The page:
Making a long story shorter, over a period of time our antenna got a lot of attention. We had the privilege of talking all over the world, the Ham and CB were well dialed in, and I learned a great deal more about electronics. Using the ‘Continuous Wave Mode” (CW), I also transmitted in ‘Morse Code” all over the world. Everyone during the 1960′s still prided themselves in being proficient in it’s use. All well and good, but a problem seemed to visit us on the first fall/winter season, again during the spring. Our grounding system was so good that it attracted violent lightning storms around our house. We didn’t realize this until the city inspectors came. It seems some of our neighbors had complained that six kids lived in a house that’s always being stuck by lightning.

The rock salt created an acidic soil assuring good copper contact with the ground. The height of our antenna mast was approximately 47′ from the ground, plus the 8′ length of the top most antenna. This was a total height of 55′, which was higher than anything else around our house. It was well grounded and safe, but the city gigged us on the overall height exceeding local codes. We had to bring the antenna mast down to a concrete pad on the ground. This ultimately proved effective, but the fun of the thunder storms was badly missed, though there remained serious electrical activity around our house on some days. We actually enjoyed the storms, and lots of neighborhood children and parents were awed by them too.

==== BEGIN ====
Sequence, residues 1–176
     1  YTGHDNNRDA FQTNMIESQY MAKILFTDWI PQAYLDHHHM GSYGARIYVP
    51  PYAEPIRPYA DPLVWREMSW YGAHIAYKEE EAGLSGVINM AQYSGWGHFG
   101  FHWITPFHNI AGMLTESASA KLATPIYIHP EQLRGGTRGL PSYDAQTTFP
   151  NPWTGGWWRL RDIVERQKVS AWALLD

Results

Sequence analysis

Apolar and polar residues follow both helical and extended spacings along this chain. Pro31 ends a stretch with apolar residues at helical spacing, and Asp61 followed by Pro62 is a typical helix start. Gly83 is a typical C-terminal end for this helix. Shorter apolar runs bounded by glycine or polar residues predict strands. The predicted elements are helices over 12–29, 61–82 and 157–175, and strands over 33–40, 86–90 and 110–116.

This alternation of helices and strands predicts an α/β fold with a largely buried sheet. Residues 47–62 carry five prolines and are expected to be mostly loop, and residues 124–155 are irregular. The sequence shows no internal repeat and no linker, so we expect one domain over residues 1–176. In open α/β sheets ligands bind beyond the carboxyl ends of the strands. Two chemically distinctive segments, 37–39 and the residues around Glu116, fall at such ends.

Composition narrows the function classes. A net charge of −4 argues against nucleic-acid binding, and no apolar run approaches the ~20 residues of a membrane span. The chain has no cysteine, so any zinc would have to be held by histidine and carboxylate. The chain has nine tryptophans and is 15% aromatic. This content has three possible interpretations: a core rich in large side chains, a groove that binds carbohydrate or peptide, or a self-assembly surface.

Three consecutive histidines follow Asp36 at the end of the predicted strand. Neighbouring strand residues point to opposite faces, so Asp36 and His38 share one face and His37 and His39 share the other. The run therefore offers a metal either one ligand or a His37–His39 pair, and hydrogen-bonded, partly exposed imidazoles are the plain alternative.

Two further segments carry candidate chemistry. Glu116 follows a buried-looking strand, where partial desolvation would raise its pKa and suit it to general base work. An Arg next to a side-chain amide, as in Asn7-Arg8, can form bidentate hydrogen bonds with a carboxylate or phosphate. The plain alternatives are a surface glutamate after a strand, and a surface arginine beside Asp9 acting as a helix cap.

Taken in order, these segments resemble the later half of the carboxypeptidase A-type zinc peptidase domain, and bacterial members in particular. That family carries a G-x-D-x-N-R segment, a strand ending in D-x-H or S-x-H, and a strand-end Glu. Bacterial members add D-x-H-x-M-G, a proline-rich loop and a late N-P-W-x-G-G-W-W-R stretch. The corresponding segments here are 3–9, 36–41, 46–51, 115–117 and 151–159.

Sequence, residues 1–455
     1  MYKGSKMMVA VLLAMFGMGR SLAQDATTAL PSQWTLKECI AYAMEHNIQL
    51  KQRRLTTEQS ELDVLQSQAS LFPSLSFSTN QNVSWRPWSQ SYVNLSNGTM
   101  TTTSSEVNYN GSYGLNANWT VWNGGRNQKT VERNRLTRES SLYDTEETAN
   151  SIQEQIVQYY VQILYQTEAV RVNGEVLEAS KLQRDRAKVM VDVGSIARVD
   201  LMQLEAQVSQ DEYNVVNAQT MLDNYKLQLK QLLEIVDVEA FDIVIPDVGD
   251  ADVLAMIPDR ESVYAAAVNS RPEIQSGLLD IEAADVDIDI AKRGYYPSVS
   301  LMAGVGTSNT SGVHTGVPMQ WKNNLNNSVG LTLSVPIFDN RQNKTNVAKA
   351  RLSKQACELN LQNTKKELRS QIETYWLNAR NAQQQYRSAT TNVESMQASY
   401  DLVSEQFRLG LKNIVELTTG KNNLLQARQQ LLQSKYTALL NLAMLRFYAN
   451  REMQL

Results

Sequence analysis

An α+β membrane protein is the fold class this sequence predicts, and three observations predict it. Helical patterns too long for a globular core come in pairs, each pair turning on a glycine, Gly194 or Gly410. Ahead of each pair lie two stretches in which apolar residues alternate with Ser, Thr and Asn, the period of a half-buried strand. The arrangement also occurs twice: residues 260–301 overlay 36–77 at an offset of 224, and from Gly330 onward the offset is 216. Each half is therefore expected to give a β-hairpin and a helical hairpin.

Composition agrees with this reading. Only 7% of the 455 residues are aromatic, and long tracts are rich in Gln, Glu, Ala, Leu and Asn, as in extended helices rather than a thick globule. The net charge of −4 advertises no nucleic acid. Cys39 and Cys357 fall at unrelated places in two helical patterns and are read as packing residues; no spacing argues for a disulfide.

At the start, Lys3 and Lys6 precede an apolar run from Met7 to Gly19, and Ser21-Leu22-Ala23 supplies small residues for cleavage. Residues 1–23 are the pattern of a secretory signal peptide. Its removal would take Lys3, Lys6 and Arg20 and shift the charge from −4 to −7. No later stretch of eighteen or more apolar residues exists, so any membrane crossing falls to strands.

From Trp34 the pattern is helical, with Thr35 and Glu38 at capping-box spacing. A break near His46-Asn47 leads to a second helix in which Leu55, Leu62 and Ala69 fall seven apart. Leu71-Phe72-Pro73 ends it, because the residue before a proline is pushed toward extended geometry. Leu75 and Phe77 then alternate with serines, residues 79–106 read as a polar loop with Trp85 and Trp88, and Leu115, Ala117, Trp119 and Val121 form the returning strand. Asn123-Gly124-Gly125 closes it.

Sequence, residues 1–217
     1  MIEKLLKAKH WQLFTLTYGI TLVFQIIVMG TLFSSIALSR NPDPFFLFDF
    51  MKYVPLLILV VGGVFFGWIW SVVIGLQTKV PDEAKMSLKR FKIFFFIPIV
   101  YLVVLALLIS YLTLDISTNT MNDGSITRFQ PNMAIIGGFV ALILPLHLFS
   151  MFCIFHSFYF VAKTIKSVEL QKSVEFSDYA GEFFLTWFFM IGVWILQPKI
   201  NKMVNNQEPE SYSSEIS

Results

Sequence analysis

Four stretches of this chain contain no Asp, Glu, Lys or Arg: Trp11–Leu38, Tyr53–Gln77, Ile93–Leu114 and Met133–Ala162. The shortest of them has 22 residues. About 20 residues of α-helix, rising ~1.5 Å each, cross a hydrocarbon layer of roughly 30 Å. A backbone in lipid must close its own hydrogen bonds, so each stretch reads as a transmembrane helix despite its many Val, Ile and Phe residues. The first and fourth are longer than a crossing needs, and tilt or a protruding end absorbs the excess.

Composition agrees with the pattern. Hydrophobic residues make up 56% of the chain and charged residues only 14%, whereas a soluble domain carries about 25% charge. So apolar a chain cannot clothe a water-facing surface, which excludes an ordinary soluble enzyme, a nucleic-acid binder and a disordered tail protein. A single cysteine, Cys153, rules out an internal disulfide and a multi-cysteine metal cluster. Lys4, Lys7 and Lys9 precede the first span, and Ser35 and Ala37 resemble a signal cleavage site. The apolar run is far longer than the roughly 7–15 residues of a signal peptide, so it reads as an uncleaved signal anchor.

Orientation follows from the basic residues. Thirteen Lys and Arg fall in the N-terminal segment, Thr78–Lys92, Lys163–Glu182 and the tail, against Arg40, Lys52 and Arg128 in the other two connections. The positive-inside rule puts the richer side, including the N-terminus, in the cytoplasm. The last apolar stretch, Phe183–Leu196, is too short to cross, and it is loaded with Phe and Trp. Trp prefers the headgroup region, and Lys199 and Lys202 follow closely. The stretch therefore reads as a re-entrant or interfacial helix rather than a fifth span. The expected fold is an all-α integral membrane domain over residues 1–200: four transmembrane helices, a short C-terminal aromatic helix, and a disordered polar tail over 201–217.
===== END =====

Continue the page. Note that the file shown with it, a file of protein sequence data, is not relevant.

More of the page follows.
I have to say that this hobby changed my life. My sister Larae and brother Steven, also developed interests in communications. Larae works as a television and radio station executive in Oregon, and my brother Steven works for the Sheriffs Department as a Communications Engineer. I’ve personally worked as an Industrial Electrician and Instrumentation Electrician for over eight years. This hobby is both educational and exciting. The bonds you build with your children will last a lifetime. I can honestly say that time and money spent developing this hobby with family and friend involved, will be well spent.